Interruption of the Tnfrsf4/Tnfsf4 (OX40/OX40L) Pathway Attenuates Atherogenesis in Low-Density Lipoprotein Receptor-Deficient Mice
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Objective— Atherosclerosis is a chronic (auto-)inflammatory disease and T cell activation is an important factor in this process. Tnfrsf4 (OX40) and Tnfsf4 (OX40 ligand) are members of the tumor necrosis factor (TNF) and TNF receptor family and OX40/OX40L mediated signaling is important in co-activation of T cells and facilitates B-T cell interaction. In this study we assessed the role of the OX40/OX40L pathway in atherosclerosis and the effect of interruption of the OX40/OX40L pathway on lesion development.
Methods and Results— We treated low-density lipoprotein receptor-deficient (LDLr−/−) mice with an anti-OX40L antibody which lead to a 53% decrease in atherosclerotic lesion formation. Treatment resulted in inhibition of Th2 mediated isotype switching by decreasing interleukin (IL)-4 secretion and subsequent low IgG1 serum levels against oxLDL, whereas protective anti-oxLDL specific IgM titers were increased in treated mice compared with control.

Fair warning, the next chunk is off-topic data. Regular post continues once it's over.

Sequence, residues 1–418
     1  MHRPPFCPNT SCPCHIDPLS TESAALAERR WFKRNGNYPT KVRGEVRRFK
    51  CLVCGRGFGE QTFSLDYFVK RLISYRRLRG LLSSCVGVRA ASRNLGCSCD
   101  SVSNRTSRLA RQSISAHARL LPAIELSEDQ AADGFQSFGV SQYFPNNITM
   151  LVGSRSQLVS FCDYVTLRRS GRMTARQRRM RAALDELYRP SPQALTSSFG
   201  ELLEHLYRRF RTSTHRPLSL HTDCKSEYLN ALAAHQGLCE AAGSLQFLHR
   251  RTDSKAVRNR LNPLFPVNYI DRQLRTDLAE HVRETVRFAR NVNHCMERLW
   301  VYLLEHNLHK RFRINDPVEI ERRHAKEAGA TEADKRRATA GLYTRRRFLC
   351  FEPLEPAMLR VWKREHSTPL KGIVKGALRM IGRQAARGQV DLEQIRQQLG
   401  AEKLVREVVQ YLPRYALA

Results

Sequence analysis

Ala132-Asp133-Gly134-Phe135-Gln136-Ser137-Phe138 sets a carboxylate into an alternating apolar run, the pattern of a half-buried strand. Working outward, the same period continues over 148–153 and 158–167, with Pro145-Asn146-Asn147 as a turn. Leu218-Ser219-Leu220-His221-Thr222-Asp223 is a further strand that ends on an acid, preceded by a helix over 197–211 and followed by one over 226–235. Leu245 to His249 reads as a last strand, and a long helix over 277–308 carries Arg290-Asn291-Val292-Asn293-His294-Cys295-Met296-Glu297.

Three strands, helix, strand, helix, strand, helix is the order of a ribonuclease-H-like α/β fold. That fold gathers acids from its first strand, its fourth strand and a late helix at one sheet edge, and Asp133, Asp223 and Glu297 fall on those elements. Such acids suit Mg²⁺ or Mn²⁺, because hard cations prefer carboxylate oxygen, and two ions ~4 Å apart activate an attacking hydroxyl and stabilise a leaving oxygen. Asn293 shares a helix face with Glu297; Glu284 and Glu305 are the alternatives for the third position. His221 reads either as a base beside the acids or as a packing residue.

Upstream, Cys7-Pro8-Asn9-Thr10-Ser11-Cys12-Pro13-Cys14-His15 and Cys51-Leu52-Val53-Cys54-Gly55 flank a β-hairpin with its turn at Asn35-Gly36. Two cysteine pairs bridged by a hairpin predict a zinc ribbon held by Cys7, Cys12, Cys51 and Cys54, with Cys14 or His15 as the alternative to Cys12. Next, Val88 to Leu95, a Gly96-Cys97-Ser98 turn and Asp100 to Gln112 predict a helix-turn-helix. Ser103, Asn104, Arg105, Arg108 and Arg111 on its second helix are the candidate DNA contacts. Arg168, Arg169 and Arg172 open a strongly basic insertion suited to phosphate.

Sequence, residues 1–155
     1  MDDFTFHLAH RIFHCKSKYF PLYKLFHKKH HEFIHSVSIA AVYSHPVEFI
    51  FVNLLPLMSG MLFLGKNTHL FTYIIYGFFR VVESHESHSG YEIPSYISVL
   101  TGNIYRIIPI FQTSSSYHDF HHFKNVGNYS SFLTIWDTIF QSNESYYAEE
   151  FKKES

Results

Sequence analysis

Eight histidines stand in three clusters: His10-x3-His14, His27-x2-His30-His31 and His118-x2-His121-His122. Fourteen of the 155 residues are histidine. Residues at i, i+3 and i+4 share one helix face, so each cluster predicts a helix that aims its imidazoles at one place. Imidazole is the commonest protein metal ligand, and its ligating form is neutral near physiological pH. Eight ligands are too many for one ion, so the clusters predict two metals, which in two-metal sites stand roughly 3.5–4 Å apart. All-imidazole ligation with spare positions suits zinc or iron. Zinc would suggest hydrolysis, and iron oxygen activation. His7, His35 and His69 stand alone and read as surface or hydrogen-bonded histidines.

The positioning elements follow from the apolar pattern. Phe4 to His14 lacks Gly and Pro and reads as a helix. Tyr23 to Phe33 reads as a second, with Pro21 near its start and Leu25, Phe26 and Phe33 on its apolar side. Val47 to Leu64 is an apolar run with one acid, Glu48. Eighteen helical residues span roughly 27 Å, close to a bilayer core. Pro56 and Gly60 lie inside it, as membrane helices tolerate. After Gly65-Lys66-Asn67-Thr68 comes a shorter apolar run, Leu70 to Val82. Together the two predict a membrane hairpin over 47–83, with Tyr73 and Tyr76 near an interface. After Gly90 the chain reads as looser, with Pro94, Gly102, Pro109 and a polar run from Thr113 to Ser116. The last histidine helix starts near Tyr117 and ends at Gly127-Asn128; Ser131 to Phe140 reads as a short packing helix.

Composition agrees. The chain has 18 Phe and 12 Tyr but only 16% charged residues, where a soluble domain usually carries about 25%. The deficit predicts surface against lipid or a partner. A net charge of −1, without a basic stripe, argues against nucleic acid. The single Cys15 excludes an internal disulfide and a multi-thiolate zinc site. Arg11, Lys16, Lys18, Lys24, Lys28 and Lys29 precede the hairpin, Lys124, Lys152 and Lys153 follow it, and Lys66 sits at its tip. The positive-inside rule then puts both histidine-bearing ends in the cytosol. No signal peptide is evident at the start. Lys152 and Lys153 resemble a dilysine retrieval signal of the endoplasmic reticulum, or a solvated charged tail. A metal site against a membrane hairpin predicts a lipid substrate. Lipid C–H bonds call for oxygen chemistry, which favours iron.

Conclusions— We conclude that blocking the OX-40/OX40L interaction reduced atherogenesis by inhibition of IL-4 mediated Th2 induced isotype switching and subsequent increased levels of anti-oxLDL IgM.